Zimbabwe’s ousted vice president has warned Robert Mugabe to respect public opinion and step down – and said he would only return home when his security was assured.
Emmerson ‘Crocodile’ Mnangagwa said that the country has ‘spoken with one voice’ and said the 93-year-old should step down so that Zimbabwe can ‘move forward’.
Mnangagwa, who is widely expected to take over after Mr Mugabe is removed, has turned down an invitation to meet with the dictator.
It comes as it emerged that the despot has been left isolated and humiliated after his demands for ministers to attend his weekly cabinet meeting were dismissed.
Zimbabwe’s ousted vice president Emmerson ‘Crocodile’ Mnangagwa (right) has warned Robert Mugabe (left) to respect public opinion and step down – and said he would only return home when his security was assured
Yesterday, the head of the army, Commander General Constantino Chiwenga (pictured), said Mr Mugabe and Mr Mnangagwa were going to meet ‘soon’
University of Zimbabwe’s students took part in a demonstration in Harare yesterday, to demand the withdrawal of Grace Mugabe’s doctorate. They have refused to sit their exams as pressure builds on Zimbabwe’s President Robert Mugabe to resign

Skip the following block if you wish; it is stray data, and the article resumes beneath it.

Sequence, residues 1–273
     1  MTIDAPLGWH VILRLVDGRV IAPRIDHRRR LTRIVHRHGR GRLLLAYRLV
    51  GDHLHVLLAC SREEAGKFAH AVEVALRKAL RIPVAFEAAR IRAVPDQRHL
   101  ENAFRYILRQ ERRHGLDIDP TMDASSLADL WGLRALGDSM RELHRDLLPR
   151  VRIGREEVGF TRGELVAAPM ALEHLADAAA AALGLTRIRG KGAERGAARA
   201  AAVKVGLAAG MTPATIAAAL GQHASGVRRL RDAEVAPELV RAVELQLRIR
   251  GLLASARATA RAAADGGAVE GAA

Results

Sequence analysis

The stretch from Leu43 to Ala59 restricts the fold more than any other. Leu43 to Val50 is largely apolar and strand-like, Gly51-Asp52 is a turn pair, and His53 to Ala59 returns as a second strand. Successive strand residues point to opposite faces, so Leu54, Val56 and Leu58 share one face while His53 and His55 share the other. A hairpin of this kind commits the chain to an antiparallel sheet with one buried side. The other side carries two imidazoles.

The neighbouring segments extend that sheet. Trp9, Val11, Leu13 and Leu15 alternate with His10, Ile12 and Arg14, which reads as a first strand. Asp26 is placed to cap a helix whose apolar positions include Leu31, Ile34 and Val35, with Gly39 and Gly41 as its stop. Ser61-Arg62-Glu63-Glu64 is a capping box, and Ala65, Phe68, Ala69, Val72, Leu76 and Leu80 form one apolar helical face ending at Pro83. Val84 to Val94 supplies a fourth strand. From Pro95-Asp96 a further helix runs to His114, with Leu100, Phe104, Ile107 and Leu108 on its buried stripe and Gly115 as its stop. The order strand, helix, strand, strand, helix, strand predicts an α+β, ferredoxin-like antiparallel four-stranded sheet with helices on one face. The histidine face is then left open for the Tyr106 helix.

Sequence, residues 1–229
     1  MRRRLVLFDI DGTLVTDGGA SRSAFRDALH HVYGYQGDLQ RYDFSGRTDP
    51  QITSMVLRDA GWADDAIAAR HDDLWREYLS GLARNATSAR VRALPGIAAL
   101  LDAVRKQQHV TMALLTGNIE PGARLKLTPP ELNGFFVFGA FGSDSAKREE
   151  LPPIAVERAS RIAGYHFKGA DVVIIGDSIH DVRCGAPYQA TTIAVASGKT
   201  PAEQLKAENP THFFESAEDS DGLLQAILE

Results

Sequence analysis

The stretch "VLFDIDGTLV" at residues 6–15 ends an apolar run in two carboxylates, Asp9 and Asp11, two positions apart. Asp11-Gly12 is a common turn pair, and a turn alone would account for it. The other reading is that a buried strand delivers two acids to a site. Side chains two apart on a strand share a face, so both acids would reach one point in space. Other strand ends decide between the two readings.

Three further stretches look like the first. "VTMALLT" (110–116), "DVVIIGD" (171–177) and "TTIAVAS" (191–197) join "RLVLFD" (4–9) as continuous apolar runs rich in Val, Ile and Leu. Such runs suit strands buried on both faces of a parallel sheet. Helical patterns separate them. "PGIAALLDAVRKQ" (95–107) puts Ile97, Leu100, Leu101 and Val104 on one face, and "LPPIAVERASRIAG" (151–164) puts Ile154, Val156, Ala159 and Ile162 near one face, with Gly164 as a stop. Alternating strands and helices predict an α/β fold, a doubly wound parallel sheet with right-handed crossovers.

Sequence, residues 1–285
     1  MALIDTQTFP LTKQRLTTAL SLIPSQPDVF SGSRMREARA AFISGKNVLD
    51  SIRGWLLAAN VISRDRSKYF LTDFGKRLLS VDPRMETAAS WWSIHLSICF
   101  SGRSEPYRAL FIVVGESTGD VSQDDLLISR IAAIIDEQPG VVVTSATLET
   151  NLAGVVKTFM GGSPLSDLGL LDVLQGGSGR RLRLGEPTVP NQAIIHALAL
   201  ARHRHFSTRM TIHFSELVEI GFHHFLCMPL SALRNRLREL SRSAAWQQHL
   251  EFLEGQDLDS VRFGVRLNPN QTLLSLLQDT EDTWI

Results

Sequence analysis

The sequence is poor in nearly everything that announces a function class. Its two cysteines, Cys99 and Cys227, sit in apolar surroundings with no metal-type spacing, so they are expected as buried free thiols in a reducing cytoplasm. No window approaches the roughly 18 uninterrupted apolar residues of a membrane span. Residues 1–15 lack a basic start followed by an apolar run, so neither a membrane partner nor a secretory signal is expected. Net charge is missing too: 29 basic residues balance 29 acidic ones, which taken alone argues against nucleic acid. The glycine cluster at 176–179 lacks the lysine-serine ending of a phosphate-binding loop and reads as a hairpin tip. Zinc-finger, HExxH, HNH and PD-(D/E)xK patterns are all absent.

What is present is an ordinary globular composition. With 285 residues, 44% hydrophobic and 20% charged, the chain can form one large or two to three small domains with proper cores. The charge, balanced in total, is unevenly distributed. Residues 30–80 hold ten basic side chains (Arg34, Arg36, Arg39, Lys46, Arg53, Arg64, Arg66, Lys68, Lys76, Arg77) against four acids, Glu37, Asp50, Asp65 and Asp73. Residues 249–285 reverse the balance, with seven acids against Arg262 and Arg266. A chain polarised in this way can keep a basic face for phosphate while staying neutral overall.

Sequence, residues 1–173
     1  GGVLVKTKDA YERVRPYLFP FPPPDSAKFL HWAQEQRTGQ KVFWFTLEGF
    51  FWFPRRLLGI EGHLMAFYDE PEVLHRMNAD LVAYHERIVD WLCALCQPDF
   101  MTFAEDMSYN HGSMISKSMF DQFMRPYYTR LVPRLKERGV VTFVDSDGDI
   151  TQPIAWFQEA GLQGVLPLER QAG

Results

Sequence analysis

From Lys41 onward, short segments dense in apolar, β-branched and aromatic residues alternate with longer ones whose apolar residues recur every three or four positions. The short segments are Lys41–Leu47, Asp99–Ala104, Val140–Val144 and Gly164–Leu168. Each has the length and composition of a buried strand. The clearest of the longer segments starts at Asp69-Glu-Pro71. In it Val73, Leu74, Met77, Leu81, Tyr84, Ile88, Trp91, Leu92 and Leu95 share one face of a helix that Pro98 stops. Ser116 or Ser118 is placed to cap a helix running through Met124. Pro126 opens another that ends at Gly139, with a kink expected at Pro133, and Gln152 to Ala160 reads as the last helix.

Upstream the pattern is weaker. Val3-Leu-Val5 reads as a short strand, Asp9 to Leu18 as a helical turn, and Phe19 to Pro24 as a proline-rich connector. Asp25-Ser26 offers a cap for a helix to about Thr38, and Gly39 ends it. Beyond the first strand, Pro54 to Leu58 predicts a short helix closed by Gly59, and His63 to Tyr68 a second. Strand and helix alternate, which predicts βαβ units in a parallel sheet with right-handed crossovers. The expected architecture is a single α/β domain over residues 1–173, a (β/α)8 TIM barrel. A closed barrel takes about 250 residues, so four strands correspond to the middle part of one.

It came after the party secretary, Simon Khaya, told reporters that Mr Mugabe had been formally notified of Zanu-PF’s decision to impeach him.
Mnangagwa said that he remained outside the country for his own safety, despite reports that he had already returned to Zimbabwe.
‘Mugabe made contact with me and invited me to return home for a discussion on the current political events in the nation, he said.
‘I told the President that I would not return home now until I am satisfied of my personal security.’
He added: ‘I told the President that the current political and constitutional crisis in the country is not a matter between him and myself but between the people of Zimbabwe and President Mugabe.’
An ally of Mr Mugabe hit back by taunting the army, claiming that he had safely fled the country along with 50 other members of the G40 group of Grace Mugabe’s allies.
Mugabe had been widely expected to resign on Sunday during a speech in Harare. But watched by a cabal of general who have been holding him under house arrest, he instead went off script and vowed to stay on
Zimbabwe’s Commander Airforce and Air Marshal Perence Shiri (left) arrives to shake hands with Zimbabwe’s President Robert Mugabe (right) as Roman Catholic Priest Father Fidelis Mukonori (centre) stands next to them last night
Jonathan Moyo, the higher education minister, was thought to have been arrested when the army seized control.
Yesterday, the head of the army, Commander General Constantino Chiwenga, said Mr Mugabe and Mr Mnangagwa were going to meet ‘soon’.
The two men have not met since Mr Mnangagwa was sacked by Mr Mugabe in an attempt to clear the way for his wife, Grace, to succeed him.
The impeachment process was due to be put into action in parliament today and is expected to last at least until Thursday.